# Help in understanding the theory to select optimum fringe frequency in three phase fringe structured light

Hi guys,

I'm hoping someone can help with the following.

I am trying to understand better how the theory about what makes the best fringe pattern for three phase structured light. Where I am struggling is how to select the optimal fringe frequency. This is probably best explained by an example and an image of a pattern

Lets say I have a fringe pattern and the fringe frequency is 16. See this example

Now suppose I change the fringe frequency to 24? What effect does this have? The theory is that the measurement will be more accurate but I don't understand why.

Any help clearing up this issue would be greatly appreciated (Please don't just point to a paper online about this subject. I have yet to come across one that simply explains why)

JT

the more you increase the frequency, the smaller the difference between your 3 phase map gets.

you'll gain local accuracy, but loose global "intensity". imho, it's some tradeoff, you have to find out on our own (distance matters, too !)

some (okish) examples:

Hi,

Thanks for your reply.

So you are saying that by increasing the fringe frequency it help with a more accurate phase calculation as you are working over a smaller area?

If that is the case what I can't get my head around is how many physical pixels are allocated to each fringe period. I would have thought that having a higher fringe period would mean that the projected fringe pattern itself would only be made up of a smaller number of pixels in the horizontal, and so not as accurate. How can the phase accuracy be maintained if there are a smaller number of pixels assigned in the projected pattern and as a result in the acquired camera images. Does that make sense to you? Am I missing something in the theory of how the phase is calculated that means this is not a problem?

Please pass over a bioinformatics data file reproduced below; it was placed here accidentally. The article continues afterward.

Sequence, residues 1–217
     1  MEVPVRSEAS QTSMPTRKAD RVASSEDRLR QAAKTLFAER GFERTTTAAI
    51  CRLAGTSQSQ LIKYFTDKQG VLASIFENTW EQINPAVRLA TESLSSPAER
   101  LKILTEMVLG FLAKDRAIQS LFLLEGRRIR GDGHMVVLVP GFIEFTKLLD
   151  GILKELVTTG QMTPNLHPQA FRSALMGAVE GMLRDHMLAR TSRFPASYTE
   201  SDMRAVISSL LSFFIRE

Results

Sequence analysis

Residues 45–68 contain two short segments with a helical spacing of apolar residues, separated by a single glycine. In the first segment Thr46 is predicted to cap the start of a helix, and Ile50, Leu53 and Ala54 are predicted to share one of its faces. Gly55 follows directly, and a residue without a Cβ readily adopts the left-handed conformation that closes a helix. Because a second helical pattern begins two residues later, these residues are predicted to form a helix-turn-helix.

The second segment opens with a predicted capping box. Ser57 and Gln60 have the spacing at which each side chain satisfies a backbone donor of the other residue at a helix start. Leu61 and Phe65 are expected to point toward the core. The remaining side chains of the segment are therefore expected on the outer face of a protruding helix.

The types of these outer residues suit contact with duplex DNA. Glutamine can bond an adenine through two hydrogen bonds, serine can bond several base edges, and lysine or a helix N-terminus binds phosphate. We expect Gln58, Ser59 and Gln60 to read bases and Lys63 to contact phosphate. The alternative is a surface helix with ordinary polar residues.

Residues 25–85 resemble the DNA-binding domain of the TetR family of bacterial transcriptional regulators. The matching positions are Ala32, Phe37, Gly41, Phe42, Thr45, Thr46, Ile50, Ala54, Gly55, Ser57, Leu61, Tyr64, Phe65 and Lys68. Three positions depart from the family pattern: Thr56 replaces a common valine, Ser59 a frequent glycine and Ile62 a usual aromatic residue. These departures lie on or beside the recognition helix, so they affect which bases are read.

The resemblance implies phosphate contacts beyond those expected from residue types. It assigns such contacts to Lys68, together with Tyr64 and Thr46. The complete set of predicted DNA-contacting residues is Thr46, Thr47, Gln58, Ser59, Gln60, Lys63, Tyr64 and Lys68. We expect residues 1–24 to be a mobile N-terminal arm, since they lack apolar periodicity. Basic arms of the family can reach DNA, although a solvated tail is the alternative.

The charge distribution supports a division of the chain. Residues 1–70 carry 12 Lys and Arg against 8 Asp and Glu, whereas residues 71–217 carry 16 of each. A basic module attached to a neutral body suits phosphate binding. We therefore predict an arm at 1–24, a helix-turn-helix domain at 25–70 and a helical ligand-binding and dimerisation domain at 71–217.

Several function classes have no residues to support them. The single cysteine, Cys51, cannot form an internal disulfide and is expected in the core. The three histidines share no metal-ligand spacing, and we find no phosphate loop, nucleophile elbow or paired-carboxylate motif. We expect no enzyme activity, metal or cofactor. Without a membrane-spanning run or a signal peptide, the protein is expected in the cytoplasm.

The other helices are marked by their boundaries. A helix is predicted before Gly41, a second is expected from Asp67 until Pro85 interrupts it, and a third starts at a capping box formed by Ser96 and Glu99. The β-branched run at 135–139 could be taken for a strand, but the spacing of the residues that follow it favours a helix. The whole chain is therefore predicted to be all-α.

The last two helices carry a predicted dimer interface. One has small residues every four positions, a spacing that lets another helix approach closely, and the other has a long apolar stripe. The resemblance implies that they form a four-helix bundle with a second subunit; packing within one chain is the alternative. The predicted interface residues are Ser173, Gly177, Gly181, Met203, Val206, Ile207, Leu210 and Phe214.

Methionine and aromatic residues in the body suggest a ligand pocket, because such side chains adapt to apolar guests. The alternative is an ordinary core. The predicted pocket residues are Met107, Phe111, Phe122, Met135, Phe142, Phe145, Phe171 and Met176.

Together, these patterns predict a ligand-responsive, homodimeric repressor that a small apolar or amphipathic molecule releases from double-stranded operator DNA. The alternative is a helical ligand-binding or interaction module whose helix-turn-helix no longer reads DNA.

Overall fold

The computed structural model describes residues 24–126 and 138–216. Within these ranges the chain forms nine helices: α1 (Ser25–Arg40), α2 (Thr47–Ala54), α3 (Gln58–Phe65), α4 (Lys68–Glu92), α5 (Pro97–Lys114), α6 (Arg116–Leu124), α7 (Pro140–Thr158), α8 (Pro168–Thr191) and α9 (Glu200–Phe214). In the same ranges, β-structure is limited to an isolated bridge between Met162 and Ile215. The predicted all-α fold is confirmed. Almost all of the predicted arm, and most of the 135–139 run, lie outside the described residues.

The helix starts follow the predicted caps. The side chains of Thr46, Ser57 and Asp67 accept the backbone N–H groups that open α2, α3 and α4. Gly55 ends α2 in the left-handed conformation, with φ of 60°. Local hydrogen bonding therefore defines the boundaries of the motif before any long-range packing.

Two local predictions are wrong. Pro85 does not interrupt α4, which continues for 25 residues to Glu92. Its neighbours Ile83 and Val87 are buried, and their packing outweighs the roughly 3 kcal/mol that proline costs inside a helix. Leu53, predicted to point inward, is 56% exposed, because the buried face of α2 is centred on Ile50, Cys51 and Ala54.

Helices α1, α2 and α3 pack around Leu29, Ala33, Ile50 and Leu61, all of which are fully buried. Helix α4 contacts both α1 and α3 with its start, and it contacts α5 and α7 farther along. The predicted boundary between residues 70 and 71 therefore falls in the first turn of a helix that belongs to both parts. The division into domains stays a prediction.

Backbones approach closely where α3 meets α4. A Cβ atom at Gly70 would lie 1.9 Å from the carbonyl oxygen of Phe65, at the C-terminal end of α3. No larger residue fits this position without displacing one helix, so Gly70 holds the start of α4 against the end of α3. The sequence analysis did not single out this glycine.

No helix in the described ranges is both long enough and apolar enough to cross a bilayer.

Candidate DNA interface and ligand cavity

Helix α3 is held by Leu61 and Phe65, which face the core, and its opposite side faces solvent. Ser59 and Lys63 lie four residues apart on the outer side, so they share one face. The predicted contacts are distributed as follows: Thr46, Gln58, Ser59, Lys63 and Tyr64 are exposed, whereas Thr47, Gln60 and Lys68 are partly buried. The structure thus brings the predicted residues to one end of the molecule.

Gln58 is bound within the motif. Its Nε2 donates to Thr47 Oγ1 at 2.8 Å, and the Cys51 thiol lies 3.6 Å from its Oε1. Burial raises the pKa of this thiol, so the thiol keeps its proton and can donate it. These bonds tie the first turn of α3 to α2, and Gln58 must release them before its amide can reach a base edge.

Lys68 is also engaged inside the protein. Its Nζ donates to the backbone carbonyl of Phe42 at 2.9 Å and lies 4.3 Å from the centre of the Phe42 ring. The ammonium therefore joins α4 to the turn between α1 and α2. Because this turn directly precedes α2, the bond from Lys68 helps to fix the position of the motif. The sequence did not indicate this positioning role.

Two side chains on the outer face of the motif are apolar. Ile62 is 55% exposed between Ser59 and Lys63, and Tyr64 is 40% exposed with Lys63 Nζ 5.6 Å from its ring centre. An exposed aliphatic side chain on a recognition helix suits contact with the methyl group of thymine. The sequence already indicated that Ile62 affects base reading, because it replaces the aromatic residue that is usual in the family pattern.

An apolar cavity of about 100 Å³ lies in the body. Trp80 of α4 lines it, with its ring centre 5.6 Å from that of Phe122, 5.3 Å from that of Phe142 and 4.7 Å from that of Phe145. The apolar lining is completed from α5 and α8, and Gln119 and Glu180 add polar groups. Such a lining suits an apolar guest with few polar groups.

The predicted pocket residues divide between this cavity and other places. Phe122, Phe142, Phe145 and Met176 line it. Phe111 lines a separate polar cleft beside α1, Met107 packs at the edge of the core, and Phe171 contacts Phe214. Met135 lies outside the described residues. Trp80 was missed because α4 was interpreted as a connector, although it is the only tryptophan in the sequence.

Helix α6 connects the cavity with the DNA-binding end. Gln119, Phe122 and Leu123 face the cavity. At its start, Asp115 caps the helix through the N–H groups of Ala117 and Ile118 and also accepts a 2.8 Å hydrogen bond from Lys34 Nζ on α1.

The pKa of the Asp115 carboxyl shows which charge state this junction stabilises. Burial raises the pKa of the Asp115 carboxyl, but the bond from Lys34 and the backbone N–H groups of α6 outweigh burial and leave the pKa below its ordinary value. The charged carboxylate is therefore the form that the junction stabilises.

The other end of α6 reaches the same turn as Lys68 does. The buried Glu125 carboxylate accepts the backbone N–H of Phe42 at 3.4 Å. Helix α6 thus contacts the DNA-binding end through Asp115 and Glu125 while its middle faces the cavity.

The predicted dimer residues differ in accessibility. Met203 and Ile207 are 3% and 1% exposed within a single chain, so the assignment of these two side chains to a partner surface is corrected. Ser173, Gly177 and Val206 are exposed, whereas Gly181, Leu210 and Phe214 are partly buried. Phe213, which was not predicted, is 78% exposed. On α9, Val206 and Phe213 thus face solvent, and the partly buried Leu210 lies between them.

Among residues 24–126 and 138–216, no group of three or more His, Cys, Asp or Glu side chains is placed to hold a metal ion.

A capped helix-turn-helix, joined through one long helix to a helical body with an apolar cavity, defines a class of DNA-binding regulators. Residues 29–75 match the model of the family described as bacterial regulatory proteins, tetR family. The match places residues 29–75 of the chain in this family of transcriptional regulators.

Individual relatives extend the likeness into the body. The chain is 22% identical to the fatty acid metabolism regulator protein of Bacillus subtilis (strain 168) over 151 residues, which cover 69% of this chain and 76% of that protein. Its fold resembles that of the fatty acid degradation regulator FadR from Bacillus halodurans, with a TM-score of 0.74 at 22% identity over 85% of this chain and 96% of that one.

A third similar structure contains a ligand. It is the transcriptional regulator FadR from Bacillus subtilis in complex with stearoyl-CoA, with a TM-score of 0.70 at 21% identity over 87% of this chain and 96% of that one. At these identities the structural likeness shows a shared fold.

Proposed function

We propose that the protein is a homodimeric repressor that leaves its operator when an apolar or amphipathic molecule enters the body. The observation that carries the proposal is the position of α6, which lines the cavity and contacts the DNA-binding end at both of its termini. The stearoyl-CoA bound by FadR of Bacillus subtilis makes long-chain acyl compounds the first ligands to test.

We have a structured light system with three different camera pairs in our lab and if we want to gain a higher accuracy we have to change the field of view, i. e. change/shrink the base between the cameras and change both cameras. So I think you cannot get a higher accuracy by changing the fringe frequency alone. We learned in our courses that it is common that you first use a coded light pattern (german: Codierter Lichtansatz) using dark and white areas to determine the correct projection line and prevent ambiguities and after that you use the fringe projection to enhance the accuracy.

I do agree - reducing the field of view will result in a better accuracy. I'm still struggling with selecting an optimum fringe frequency and why I should choose for example 24 over say 16. Also I presume there must be a point at which increasing the fringe frequency starts having the opposite effect as physically you would not be able to distinguish them through the camera.

Ok, I read the script again :D. I think you are right. The problem is that you have to be able to distinguish your projected lines in your images. If you enhance your fringe frequency at a certain point you cannot distinguish your lines on the object anymore. The maximum frequency is thus given by the resolution of your camera, the efficiency of your projector and the 3D structure of your object. The MoirĂ© effect also seems to play an important role. Since the producers of these systems don't publish much I cannot find an equation to determine the ideal frequency.

everything is given by shannon-nyquist. I never used a such system but i can imagine that spatial wavelength light on your sensor must be greater than pixel size if optical lens your light sensors and camera are equals (light and camera must be at same location)